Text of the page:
HHS Delays Require Changes to Notice of Privacy Practices for Certain Clinical Laboratories
Last week the Department of Health and Human Services (“HHS”) announced that it has postponed the Sept. 23, 2013, HIPAA Omnibus Rule deadline for many clinical laboratories to revise their notices of privacy practices (“NPPs”). This means, with limited exceptions, that HHS will take no enforcement action against clinical laboratories that have not as yet revised their NPPs. HHS plans to issue a public notice at least 30 days before eliminating this enforcement delay and starting to enforce the requirement for updated NPPs.
Which clinical labs are affected by the HHS enforcement delay?
HHS’s enforcement delay extends to all CLIA and CLIA-exempt clinical laboratories (i.e., licensed in the states of New York or Washington), except:
- Clinical laboratories presently required by state law to provide individuals with access to their laboratory test reports; and
- Clinical laboratories that operate as part of a larger legal entity, such as a hospital, and therefore do not have their own, laboratory-specific, NPPs.
Why did HHS delay enforcement action?
HHS has chosen to delay enforcement to allow time for HHS to finalize its amendment (which was proposed Sept. 14, 2011) to the HIPAA Privacy Rule and CLIA regulations to permit individuals to receive their lab results directly from CLIA and CLIA-exempt laboratories. Once that amendment is final, clinical laboratories will have to make changes to their NPPs to inform individuals of the material change. As a result, HHS exercised its enforcement discretion to extend the Sept. 23 deadline to allow affected laboratories to avoid the burden and expense of multiple revisions to their NPPs within a short period of time—once to meet the Sept. 23 Omnibus Rule deadline and yet again to incorporate the changes of the impending CLIA/HIPAA amendment.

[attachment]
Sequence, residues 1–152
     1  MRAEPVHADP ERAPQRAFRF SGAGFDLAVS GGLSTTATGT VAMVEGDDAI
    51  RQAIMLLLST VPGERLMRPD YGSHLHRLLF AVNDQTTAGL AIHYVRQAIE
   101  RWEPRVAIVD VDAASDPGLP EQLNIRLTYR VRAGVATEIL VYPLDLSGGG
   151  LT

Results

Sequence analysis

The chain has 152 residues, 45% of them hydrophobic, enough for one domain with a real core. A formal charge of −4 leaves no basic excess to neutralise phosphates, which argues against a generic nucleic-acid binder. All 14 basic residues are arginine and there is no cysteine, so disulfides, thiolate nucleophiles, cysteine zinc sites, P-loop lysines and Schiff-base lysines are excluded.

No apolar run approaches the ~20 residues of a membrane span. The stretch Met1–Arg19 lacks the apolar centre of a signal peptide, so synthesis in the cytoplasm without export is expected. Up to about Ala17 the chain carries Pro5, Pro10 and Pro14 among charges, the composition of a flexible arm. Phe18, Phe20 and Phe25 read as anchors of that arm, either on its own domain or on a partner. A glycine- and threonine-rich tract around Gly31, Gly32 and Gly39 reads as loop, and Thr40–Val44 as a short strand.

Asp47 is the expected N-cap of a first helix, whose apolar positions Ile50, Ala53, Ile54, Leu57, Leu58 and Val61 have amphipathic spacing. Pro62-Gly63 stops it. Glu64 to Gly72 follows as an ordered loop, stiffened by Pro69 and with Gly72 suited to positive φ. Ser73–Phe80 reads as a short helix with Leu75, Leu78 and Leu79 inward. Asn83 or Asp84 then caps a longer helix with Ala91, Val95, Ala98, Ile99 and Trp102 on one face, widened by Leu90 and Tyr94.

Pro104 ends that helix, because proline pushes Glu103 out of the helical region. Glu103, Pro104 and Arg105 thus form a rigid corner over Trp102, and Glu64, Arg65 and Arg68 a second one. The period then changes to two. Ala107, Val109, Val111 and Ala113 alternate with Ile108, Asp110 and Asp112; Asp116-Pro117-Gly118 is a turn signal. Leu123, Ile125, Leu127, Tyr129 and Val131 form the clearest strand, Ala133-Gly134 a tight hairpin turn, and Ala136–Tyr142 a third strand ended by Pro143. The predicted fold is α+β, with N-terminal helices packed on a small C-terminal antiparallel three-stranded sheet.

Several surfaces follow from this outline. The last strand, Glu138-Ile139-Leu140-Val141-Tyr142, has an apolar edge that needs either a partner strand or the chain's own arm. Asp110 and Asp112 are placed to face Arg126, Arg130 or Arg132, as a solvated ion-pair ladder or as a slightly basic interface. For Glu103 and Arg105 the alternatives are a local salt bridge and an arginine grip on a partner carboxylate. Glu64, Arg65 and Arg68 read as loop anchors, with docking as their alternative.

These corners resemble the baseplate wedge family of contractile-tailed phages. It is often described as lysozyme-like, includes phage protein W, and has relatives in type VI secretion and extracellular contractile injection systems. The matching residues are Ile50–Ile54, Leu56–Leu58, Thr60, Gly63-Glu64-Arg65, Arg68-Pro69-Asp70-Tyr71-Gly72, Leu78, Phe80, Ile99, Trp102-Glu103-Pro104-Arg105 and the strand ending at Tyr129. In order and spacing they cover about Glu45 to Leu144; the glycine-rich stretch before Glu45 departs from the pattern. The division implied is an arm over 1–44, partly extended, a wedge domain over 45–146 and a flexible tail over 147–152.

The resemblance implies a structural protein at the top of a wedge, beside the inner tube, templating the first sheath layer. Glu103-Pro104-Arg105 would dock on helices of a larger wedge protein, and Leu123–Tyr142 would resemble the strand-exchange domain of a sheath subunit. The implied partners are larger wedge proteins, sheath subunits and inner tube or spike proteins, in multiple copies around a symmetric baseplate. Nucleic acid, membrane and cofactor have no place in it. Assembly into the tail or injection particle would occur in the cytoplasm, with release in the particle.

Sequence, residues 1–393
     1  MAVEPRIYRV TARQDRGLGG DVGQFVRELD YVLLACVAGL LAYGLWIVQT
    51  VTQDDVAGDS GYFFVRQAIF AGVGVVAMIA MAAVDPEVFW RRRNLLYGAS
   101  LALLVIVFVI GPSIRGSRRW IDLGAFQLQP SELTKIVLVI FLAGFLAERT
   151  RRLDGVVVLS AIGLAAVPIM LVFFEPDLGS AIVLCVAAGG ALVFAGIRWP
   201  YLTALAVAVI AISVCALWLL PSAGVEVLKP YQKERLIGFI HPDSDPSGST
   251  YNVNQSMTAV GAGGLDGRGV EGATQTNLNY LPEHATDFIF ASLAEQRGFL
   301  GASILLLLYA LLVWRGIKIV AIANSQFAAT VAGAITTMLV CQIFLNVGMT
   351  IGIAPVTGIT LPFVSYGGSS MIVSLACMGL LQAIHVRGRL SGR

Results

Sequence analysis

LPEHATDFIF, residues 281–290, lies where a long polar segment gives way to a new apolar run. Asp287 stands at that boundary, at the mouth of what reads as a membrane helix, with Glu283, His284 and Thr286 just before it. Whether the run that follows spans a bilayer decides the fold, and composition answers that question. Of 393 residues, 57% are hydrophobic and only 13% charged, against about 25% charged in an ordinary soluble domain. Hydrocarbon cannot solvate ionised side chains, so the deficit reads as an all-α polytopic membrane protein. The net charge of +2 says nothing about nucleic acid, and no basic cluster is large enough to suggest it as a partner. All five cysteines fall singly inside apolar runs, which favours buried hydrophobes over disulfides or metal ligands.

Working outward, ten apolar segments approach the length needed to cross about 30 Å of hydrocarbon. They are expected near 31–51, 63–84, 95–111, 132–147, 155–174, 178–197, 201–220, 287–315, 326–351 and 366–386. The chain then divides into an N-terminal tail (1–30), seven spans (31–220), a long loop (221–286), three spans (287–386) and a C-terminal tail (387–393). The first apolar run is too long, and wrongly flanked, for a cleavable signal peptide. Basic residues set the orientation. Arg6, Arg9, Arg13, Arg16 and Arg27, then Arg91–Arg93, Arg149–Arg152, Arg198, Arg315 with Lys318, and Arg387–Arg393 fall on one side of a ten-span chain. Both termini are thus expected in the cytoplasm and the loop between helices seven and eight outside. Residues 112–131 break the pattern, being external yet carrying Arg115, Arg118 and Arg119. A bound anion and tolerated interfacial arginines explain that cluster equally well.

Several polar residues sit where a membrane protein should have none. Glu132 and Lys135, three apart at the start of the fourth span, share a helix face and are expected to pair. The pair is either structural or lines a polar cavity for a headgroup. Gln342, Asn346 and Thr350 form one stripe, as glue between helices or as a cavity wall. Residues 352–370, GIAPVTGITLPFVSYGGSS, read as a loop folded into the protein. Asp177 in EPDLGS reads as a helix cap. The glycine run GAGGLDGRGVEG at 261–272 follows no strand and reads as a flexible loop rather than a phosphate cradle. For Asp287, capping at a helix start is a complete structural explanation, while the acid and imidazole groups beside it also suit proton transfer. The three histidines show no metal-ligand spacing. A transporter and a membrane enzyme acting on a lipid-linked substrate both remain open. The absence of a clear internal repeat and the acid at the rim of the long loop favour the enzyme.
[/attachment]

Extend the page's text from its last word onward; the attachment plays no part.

What should laboratories do now?
Except as noted above, CLIA and CLIA-exempt laboratories will not need to worry about facing HHS enforcement actions for failing to comply with Monday’s deadline. Affected laboratories, however, should watch for the final CLIA/HIPAA rule regarding access to lab results, and for HHS’s announcement that the enforcement delay will soon end. In the meantime, affected laboratories should identify and make ready the other changes to their NPPs necessitated by the Omnibus Rule so that they can promptly issue fully updated NPPs once HHS issues the final CLIA/HIPAA rule on access to lab results.